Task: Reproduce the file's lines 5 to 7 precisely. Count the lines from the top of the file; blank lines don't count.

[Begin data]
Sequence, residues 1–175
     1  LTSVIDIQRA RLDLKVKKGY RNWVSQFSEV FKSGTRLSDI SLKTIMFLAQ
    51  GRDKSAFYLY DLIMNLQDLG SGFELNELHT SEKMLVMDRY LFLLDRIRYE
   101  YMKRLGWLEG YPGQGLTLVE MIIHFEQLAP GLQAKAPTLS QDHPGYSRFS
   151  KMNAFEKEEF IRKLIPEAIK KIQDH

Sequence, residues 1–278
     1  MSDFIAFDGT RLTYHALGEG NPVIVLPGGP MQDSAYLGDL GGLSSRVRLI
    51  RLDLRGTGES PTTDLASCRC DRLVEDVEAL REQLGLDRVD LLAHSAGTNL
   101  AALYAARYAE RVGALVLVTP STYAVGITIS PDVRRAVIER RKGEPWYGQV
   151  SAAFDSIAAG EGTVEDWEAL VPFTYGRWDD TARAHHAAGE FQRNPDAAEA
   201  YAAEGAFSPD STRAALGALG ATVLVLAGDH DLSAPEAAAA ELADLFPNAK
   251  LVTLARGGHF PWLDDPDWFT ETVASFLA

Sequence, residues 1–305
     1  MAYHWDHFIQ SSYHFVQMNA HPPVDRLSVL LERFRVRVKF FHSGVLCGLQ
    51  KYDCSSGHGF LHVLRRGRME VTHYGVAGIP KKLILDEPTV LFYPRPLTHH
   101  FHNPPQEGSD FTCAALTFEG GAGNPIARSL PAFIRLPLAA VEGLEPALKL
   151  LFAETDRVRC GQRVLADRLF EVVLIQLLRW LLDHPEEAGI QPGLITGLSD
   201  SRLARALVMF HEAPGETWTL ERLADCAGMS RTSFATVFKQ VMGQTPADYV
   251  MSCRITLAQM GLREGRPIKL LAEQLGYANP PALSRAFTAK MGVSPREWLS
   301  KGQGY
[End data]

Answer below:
   151  KMNAFEKEEF IRKLIPEAIK KIQDH

Sequence, residues 1–278
     1  MSDFIAFDGT RLTYHALGEG NPVIVLPGGP MQDSAYLGDL GGLSSRVRLI